The chemokine receptors CCR2 and CCR5 and their respective ligands regulate leukocyte chemotaxis and activation. To determine the role of these chemokine receptors in the regulation of the intestinal immune response, we induced colitis in CCR2- and CCR5-deficient mice by continuous oral administration of dextran sodium sulfate (DSS). Both CCR2- and CCR5-deficient mice were susceptible to DSS-induced intestinal inflammation. The lack of CCR2 or CCR5 did not reduce the DSS-induced migration of macrophages into the colonic lamina propria. However, both CCR5-deficient mice and, to a lesser degree, CCR2-deficient mice were protected from DSS-induced intestinal adhesions and mucosal ulcerations. CCR5-deficient mice were characterized by a greater relative infiltration of CD4+ and NK1.1+ lymphocyte in the colonic lamina propria when compared to wild-type and CCR2-deficient mice. In CCR5-deficient mice, mucosal mRNA expression of IL-4, IL-5, and IL-10 was increased, whereas that of IFN-γ was decreased, corresponding to a Th2 pattern of T cell activation. In CCR2-deficient mice, the infiltration of Th2-type T cells in the lamina propria was absent, but increased levels of IL-10 and decreased levels of IFN-γ may have down regulated mucosal inflammation. Our data indicate that CCR5 may be critical for the promotion of intestinal Th1-type immune responses in mice.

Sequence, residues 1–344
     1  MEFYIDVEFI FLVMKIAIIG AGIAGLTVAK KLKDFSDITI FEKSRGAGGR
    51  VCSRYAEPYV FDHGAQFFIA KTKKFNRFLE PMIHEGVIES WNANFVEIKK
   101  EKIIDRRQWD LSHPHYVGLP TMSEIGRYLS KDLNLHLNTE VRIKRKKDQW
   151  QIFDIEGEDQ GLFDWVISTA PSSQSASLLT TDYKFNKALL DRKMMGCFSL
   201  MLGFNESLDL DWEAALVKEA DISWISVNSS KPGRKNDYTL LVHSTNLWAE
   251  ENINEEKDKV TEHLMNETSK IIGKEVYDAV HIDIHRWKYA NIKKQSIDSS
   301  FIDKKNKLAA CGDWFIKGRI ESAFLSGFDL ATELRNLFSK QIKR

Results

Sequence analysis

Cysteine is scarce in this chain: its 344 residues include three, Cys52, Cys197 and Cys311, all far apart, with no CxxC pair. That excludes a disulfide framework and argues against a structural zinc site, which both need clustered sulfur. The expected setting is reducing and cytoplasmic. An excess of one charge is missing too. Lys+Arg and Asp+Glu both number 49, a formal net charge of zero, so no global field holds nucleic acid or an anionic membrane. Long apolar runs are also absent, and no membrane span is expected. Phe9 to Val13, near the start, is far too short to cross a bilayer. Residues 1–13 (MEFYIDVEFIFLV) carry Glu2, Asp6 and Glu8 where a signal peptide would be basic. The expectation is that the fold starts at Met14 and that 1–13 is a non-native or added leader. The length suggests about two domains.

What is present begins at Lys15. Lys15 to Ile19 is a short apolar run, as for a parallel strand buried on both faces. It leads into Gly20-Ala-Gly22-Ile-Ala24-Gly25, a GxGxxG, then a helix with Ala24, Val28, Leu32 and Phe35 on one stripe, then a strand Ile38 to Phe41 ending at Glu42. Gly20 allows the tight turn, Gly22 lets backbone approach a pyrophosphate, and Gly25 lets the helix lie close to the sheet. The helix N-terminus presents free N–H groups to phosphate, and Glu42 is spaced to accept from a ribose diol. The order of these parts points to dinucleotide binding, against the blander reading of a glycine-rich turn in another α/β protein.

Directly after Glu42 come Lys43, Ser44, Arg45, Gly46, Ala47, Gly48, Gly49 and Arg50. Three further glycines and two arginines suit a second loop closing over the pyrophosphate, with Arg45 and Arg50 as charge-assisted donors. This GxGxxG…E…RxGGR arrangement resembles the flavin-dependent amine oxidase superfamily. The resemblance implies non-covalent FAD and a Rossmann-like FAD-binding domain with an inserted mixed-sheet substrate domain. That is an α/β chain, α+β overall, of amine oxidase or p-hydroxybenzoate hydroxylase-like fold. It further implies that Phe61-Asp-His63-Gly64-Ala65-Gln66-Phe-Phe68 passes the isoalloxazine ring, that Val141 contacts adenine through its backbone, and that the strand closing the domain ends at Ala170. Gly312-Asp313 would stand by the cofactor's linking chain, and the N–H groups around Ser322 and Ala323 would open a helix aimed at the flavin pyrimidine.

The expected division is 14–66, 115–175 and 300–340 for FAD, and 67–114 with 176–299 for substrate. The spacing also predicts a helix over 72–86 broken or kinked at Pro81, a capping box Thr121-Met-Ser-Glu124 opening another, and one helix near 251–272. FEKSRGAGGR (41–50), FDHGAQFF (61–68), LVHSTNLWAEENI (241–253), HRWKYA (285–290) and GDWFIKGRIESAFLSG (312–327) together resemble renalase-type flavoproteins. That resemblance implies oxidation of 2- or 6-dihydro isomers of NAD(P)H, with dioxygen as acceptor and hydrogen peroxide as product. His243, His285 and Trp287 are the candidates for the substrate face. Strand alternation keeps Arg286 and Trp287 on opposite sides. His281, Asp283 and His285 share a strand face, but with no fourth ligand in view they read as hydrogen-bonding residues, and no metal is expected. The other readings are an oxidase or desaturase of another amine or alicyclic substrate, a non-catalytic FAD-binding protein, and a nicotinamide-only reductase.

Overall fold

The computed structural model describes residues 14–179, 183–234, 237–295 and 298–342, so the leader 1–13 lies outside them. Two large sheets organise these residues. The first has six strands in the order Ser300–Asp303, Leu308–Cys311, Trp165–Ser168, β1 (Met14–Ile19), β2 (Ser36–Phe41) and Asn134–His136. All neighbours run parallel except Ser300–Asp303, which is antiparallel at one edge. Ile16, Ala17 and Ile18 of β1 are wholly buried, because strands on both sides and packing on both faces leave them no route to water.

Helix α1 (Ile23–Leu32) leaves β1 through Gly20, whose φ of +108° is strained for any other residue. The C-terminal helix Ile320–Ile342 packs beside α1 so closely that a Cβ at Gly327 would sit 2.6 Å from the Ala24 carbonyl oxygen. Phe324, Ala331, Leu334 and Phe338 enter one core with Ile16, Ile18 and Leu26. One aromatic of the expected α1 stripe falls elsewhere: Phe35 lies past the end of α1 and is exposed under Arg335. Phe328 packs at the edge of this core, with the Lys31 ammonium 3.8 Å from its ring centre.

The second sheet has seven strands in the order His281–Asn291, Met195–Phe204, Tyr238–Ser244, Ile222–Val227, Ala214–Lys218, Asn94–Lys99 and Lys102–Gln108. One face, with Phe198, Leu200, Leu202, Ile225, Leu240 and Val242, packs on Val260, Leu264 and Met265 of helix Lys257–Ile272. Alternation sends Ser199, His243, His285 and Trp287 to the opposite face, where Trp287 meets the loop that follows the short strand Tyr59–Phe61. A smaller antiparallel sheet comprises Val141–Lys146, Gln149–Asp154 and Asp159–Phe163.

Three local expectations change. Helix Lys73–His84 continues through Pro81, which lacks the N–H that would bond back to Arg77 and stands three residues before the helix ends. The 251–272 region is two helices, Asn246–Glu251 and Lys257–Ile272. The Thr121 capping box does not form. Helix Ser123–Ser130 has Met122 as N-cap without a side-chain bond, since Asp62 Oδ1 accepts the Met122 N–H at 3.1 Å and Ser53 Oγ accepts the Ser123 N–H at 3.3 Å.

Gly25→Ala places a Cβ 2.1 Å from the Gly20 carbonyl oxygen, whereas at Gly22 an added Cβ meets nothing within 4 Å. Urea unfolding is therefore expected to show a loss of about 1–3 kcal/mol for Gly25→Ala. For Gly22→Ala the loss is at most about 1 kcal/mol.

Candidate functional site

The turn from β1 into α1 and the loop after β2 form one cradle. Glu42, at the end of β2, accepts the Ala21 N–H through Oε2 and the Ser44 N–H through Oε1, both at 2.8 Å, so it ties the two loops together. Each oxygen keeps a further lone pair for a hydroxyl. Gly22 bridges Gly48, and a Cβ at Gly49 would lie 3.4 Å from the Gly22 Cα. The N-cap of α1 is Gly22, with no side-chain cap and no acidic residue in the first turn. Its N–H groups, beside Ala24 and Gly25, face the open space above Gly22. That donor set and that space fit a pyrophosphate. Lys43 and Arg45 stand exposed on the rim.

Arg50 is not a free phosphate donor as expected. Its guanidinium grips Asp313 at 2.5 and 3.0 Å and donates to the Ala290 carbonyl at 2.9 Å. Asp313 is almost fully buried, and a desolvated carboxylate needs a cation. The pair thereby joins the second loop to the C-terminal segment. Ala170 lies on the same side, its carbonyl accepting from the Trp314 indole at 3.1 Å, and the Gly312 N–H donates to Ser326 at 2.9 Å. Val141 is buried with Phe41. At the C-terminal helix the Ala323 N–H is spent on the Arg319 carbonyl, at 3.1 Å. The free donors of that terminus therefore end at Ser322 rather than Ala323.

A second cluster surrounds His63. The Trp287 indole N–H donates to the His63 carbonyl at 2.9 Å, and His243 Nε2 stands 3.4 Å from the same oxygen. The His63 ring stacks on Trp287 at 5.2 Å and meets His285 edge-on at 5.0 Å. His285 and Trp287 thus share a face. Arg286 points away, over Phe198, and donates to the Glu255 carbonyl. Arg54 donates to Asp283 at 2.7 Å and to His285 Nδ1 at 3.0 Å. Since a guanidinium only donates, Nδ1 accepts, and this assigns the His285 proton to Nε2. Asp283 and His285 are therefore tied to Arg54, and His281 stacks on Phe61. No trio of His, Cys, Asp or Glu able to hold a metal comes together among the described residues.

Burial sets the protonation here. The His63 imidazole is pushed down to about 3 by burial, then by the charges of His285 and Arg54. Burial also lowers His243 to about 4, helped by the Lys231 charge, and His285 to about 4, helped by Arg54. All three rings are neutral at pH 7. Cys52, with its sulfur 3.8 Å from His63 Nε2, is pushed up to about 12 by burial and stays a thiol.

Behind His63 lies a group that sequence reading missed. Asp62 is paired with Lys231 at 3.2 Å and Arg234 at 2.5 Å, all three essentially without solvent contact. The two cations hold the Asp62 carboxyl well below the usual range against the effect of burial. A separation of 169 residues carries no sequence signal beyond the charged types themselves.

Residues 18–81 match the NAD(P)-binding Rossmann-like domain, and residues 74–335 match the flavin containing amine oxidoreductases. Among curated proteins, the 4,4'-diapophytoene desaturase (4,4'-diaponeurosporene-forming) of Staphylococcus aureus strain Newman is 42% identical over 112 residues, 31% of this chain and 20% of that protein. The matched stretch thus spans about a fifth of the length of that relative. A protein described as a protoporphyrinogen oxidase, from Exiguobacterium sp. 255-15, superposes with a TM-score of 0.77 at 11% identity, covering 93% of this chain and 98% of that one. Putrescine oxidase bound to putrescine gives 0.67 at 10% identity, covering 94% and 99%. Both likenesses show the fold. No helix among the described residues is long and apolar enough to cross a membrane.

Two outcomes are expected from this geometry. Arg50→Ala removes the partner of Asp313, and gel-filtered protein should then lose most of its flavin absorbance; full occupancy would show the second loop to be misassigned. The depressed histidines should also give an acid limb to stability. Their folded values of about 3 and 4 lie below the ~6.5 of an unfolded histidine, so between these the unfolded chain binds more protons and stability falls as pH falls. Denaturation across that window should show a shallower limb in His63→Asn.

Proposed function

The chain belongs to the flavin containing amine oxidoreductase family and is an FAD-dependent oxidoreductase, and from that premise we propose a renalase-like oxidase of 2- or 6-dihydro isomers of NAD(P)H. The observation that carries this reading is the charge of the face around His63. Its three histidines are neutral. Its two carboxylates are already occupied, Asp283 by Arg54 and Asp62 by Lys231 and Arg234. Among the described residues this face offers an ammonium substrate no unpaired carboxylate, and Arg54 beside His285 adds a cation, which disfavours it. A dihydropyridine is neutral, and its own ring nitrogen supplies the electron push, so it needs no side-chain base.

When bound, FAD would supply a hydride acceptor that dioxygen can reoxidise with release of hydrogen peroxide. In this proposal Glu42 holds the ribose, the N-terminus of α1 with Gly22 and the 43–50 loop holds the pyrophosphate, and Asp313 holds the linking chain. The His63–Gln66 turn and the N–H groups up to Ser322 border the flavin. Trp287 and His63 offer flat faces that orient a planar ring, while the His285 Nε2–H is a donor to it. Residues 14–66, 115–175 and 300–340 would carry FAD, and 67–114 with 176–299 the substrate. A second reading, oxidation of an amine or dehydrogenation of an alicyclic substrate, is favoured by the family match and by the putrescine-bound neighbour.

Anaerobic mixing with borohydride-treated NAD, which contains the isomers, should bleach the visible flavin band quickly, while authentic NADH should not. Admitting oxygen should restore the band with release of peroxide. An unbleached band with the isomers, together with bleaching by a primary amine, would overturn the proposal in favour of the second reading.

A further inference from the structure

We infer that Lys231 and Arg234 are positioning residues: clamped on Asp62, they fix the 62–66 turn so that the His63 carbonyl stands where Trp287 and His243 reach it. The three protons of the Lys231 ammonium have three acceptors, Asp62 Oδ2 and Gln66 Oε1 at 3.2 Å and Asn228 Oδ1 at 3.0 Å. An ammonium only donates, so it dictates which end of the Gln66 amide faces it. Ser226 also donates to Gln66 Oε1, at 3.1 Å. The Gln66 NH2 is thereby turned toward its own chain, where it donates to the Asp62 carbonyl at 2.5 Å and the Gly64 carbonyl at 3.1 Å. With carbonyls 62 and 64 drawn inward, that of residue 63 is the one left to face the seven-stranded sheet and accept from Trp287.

ASJC Scopus subject areas
- Immunology and Allergy